Corey Peters injury means it's time for Rodney Gunter to 'step up'

GLENDALE, Ariz.--– There comes a time in every NFL rookie's football life when he has to grow up.

Sometimes it's forced. Other times it's natural.

Rodney Gunter's time came Wednesday night.

That's when Arizona Cardinals coach Bruce Arians told the fourth-round pick that he'll be replacing Corey Peters in the starting lineup after Peters was lost for the season with a torn left Achilles tendon. Gunter's first training camp was not yet three weeks old and his first NFL game was still more than three weeks away.

Gunter's initial reaction was "time for me to be more than a rookie." But then he slept on it, and when Gunter woke up Thursday morning in the luxurious hotel the Cardinals call their training camp home, the reality of his situation began to set in.

"It was a little bit of pressure but now I'm just soaking it in, time to work," Gunter said. "Time to step up to the plate."

Gunter wasn't surprised the Cardinals turned to a 23-year-old rookie who wasn't invited to the combine. Neither were his veteran teammates.

"Have you seen last game?" veteran defensive tackle Cory Redding said. "He is unbelievable talented. He's strong. He just loves playing ball.

"The kid is willing to do whatever it takes. He wants to get on the field. He wants to make this team."

Making the 53-man roster isn't a worry Gunter will need to concern himself with for the next few weeks. It'll be keeping a spot on the first-team defense. For the last three years, Arians has stressed to his players to put their resume on tape.

Gunter has heeded that advice.

"He's got all over the quarterback a bunch of times," Arians said. "The centers have had a really tough time with his length and strength."

Nose tackle may not be Gunter's future but Arians said Gunter will definitely be on the field in some capacity.

"He's very multiple, position flexible," Arians said. "And he's very bright for a young guy. He's a very hard-working guy. So, I have no concerns about where he's going to play. He's going to play a bunch."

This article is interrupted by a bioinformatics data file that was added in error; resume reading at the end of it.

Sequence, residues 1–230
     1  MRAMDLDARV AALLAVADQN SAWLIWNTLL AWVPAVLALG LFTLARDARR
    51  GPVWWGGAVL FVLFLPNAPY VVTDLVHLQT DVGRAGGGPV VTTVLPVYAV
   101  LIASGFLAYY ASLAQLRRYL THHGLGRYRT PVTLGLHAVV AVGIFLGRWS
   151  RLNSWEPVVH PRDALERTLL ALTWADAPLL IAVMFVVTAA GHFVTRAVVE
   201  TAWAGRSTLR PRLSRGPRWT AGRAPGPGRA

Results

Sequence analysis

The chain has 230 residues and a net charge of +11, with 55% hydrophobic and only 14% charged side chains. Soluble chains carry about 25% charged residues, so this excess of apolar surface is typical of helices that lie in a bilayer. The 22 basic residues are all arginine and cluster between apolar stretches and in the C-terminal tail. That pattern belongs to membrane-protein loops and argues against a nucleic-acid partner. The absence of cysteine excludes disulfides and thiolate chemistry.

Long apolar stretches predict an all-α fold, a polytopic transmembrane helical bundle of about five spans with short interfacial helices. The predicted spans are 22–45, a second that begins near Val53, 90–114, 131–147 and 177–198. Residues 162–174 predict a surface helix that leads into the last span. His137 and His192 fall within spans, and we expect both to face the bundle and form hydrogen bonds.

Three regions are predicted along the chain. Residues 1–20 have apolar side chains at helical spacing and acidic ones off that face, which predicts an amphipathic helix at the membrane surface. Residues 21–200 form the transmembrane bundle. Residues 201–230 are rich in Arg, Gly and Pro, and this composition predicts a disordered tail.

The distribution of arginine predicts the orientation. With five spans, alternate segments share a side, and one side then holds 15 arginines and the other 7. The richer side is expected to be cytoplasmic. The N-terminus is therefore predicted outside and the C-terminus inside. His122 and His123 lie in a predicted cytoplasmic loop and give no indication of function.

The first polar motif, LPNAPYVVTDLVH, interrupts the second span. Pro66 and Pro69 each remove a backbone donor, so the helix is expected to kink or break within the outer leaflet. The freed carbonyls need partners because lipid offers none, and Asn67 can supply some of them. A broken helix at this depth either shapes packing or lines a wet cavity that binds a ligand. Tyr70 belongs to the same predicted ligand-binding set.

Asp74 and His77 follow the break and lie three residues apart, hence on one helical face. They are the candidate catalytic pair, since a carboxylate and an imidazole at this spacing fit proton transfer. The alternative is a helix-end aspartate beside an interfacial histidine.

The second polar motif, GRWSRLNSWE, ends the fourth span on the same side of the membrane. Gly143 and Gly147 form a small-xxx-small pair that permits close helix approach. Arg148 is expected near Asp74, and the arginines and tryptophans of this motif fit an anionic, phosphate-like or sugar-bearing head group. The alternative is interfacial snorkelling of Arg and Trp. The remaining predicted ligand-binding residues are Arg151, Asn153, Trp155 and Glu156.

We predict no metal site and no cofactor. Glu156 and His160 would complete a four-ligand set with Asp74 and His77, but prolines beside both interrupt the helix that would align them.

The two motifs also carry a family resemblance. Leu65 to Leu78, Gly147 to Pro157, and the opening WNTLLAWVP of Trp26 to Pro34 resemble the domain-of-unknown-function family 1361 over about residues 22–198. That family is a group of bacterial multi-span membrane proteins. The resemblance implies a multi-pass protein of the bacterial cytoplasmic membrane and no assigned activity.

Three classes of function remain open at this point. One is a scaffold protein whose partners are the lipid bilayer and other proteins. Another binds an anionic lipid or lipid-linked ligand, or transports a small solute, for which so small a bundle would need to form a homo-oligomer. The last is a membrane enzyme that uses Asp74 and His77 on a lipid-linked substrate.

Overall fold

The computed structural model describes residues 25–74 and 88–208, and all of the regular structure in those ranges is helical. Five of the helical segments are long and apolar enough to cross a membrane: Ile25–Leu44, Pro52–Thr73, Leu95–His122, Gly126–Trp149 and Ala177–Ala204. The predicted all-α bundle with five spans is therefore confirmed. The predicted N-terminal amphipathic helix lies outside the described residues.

After letting Dan Williams go in free agency last March, the Cardinals built a well of depth at the front of their defensive line with a different type of nose tackle. Instead of the two-gap nose tackle, Arians wants them to be more athletic so they can "cover more space."

Peters was the centerpiece of Arizona's transition to that style of nose guards, while Gunter and rookie undrafted free agent Xavier Williams were cut from the same mold. Williams, who has impressed coaches with his ability to play inside and outside, will push Gunter for playing time.

"We want to be able to create more space, create more pocket pressure with our inside interior rush," Arians said.

Alameda Ta'amu, a nose guard who backed up Williams the last two years, will also compete for the starting job. He tore his ACL at the end of 2013 season and was re-signed in March. Almost two years removed from the inury, Ta'amu said he's "day and night healthier" than he was last season.

Ta'amu understands what his competition looks like. He sees the style of nose tackles that Arians has brought in. He said he'll watch tape of Peters and try to glean what he can from his game, so he can "make the defense feel like we haven't missed a beat."

But both Williams and Ta'amu will be competing against Gunter's freak-like athleticism.

He's 6-foot-5, 305 pounds and "country strong" as cornerback Jerraud Powers said. Although he has the physical tools -- "He's physically blessed," Calais Campbell said. -- Gunter said his technique still needs work and he needs to be more consistent.

He's been leaning on veterans like Campbell and Frostee Rucker, who have seen what Gunter will be capable of.

"He's made plays this camp against ones that are like, 'Wow,'" Campbell said. "This guy can be special."

Gunter has the self-awareness to understand the veterans next to him on the line are counting on him. And with little room for error in his new role as a starter, Gunter has embraced their confidence in him.

"I'm surrounded by greatness," Gunter said. "So, I have no other choice but to be great."